It’s a hot summer day in Dixon Village, and the air buzzes with energy, laughter, and the sounds of a toy drone, which zips through the air as the neighborhood children and youth watch in delight. The machine is powered by a remote in the hands of Idris Joyce, executive director of Krownless Kings, as he coaches a small group of youth through the functionality of the toy and how to control it themselves. Afterward, he hands the remote to a nearby teenager, who takes up the controls with interest.

Dixon Village, Tacoma

Dixon, a neighborhood served by the Tacoma Housing Authority, is home to today’s Krownless Kings programming, which aims to deliver access to all conceivable forms of art and play for the community. They are dedicated to providing safe spaces and opportunities for children, youth, and adults alike to explore artistic interests and abilities, as well as making these opportunities as accessible as possible. While not every family may have access to a drone, VR headset, or a DJ setup, Krownless Kings ensures that they create an environment where youth can explore any artistic interest that they might have.

Youth at Dixon Village play video games on a wide variety of consoles, from computers to VR headsets.

Youth at Dixon Village play video games on a wide variety of consoles, from computers to VR headsets.

Inspired by Art and Expression

Idris says that the programming is, in part, inspired by schools that he saw on his travels as a touring artist. In particular, a school in Dallas, Texas, stuck in his mind as one that had a wide variety of art available for the students to learn about and experiment with.

“I was just thinking, if school was like that for me, I would’ve paid more attention,” Idris recalls. “I would’ve excelled and succeeded more, and so would a lot of people, if it was based on what you love.”

Idris returned to Washington and did a show at Foss High, where he attended school, and when he finished performing, asked the crowd what they would like to see in their school that they did not have. The answers that he heard reflected his own: they wanted to learn about music, photography, and other creative outlets.

The Tacoma Housing Authority

This summer, the Tacoma Housing Authority has been inviting providers like Krownless Kings to their neighborhoods in order to keep these spaces vibrant, safe, and prosperous. From Farmer’s Markets to visiting artists, the Housing Authority has been providing many opportunities for children and youth to thrive and prosper in safe, welcoming environments. They’ve worked together with Krownless this summer to find a good balance between what worked well for themselves and what was needed by the community and responding quickly to those needs. Idris says that with the Tacoma Housing Authority’s help, Krownless and the community have been given a safe space to grow and pursue their dreams.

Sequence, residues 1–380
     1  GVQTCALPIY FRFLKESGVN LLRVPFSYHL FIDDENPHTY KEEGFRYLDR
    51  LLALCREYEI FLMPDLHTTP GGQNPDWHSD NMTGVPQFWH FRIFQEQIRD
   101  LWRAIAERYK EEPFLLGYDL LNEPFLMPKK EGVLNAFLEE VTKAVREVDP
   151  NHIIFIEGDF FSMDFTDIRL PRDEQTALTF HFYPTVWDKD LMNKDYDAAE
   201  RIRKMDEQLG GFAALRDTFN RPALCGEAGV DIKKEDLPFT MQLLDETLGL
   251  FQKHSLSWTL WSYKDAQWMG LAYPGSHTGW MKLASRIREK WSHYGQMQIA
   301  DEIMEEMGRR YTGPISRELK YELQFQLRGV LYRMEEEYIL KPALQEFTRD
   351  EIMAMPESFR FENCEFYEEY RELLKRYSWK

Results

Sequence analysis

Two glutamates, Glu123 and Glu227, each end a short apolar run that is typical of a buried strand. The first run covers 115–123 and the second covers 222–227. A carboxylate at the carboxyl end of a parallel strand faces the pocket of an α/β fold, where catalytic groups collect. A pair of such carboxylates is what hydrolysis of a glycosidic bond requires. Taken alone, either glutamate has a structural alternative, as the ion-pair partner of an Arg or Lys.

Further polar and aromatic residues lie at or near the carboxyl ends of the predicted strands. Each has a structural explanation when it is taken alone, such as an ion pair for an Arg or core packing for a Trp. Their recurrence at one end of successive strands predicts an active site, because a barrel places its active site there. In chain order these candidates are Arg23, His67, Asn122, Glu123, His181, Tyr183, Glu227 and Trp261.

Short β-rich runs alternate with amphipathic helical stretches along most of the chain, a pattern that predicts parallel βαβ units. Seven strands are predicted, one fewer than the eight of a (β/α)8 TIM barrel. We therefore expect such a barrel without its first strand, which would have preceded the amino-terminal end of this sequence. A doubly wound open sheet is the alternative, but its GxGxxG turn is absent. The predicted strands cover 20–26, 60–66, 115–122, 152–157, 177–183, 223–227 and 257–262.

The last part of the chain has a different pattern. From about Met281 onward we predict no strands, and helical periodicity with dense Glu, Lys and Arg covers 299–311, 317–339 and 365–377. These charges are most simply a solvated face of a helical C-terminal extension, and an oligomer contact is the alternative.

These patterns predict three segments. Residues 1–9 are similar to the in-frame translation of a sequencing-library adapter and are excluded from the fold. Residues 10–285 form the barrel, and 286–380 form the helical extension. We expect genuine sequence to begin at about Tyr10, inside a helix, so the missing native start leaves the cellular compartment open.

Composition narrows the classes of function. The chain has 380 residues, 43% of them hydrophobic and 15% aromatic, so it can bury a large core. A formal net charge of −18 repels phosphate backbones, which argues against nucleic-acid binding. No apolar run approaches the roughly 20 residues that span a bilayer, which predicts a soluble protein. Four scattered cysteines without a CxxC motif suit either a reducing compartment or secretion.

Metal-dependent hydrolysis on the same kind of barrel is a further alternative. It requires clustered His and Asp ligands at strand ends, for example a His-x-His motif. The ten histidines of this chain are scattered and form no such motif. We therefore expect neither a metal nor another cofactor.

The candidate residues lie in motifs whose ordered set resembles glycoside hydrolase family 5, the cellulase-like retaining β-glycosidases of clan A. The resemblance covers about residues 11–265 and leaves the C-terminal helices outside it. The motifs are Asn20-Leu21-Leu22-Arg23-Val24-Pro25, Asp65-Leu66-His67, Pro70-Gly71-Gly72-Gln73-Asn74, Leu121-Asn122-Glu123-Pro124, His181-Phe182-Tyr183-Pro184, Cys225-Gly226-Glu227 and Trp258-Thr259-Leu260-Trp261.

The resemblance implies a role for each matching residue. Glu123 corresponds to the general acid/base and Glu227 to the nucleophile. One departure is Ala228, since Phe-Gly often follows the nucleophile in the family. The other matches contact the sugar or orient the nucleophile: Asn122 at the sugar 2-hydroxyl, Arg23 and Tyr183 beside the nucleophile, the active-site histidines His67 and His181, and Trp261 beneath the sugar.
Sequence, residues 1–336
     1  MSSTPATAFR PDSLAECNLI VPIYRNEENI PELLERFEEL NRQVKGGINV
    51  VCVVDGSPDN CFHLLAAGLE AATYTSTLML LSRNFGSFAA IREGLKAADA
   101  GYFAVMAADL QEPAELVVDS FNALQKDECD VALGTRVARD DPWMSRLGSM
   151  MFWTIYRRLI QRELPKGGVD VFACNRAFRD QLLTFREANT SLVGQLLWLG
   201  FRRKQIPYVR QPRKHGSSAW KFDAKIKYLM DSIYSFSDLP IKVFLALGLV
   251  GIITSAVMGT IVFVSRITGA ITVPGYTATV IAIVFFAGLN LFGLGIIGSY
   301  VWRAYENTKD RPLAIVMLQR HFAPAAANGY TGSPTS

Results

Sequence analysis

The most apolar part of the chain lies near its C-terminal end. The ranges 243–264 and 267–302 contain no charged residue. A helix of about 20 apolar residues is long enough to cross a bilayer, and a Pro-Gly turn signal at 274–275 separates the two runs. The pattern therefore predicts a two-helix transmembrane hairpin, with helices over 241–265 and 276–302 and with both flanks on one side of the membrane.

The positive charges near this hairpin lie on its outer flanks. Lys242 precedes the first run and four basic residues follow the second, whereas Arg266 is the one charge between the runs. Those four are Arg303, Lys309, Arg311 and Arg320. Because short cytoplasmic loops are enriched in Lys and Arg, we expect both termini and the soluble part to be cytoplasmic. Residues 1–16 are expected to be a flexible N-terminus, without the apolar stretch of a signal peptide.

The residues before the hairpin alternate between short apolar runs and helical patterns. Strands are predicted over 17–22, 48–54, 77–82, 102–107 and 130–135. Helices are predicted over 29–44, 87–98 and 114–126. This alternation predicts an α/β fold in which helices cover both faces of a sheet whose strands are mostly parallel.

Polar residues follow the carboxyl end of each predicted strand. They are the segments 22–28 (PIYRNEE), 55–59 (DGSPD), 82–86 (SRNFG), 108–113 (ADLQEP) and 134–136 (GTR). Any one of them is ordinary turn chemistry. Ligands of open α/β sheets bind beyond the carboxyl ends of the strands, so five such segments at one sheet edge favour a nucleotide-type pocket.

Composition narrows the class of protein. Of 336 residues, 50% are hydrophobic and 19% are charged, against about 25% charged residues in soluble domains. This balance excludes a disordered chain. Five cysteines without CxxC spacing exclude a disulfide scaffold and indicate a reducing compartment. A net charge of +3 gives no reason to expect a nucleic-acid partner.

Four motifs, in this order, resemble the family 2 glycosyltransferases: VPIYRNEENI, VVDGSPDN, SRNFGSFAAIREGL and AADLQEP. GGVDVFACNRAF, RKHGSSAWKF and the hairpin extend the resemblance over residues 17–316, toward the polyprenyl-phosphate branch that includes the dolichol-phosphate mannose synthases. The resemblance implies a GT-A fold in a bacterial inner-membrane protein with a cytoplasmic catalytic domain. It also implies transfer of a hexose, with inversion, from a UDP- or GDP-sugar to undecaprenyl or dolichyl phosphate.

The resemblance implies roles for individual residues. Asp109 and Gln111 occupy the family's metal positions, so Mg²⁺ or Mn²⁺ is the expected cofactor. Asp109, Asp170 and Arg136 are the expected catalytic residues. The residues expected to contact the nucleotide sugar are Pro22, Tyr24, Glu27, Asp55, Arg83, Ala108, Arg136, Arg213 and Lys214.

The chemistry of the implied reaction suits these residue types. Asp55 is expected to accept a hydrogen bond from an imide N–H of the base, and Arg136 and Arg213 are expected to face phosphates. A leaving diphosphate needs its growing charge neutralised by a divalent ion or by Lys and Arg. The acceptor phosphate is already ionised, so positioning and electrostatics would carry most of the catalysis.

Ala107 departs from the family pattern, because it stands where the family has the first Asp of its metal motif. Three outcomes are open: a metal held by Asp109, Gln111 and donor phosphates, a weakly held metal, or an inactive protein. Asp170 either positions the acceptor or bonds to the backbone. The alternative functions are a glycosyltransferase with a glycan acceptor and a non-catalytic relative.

Idris talks about his own experience growing up in Salishan, one of the other neighborhoods that is currently being served by the Tacoma Housing Authority. He says that there was a certain soul to the environment that went missing at some point during the neighborhood’s reconstruction, leading to high crime rates in the community. Idris says that the neighborhood seemed to be missing a safe space where children and youth could spend time learning and doing things that they loved.

“For us to create that — it’s great,” Idris says, full of enthusiasm. “I feel like it’s made the community better, just having somewhere for the kids to go.”

Idris Joyce, artist and executive director of Krownless Kings

Idris Joyce, artist and executive director of Krownless Kings

On one of Idris’s trips back to Salishan, this time as a mentor, he met a 42-year-old mother who wanted to reinvent herself by building skills in photography, videography, and editing. At first, Idris mulled over how to change up his program to cater to everyone.

“But luckily,” he points out, “art is a language, and it has no barriers. Everyone can speak it.”

The language of artistic expression is a crucial theme of Krownless and one that they seem to be reminded of in nearly every facet of their work. Idris talks about a site that he visited with a population made up primarily of non-English speaking families and the challenges that he faced.

“…but art brought us together. The music, cooking, the pizza…” Idris pauses for a moment to laugh. “Everybody likes pizza! No matter where you’re at, a kid will take a slice of pizza. It’s engaging with the stuff that they like.”

More Information

To learn more about Krownless Kings and how to support the work that they do, visit their website at

To learn more about the Tacoma Housing Authority, their mission, and the neighborhoods that they serve, visit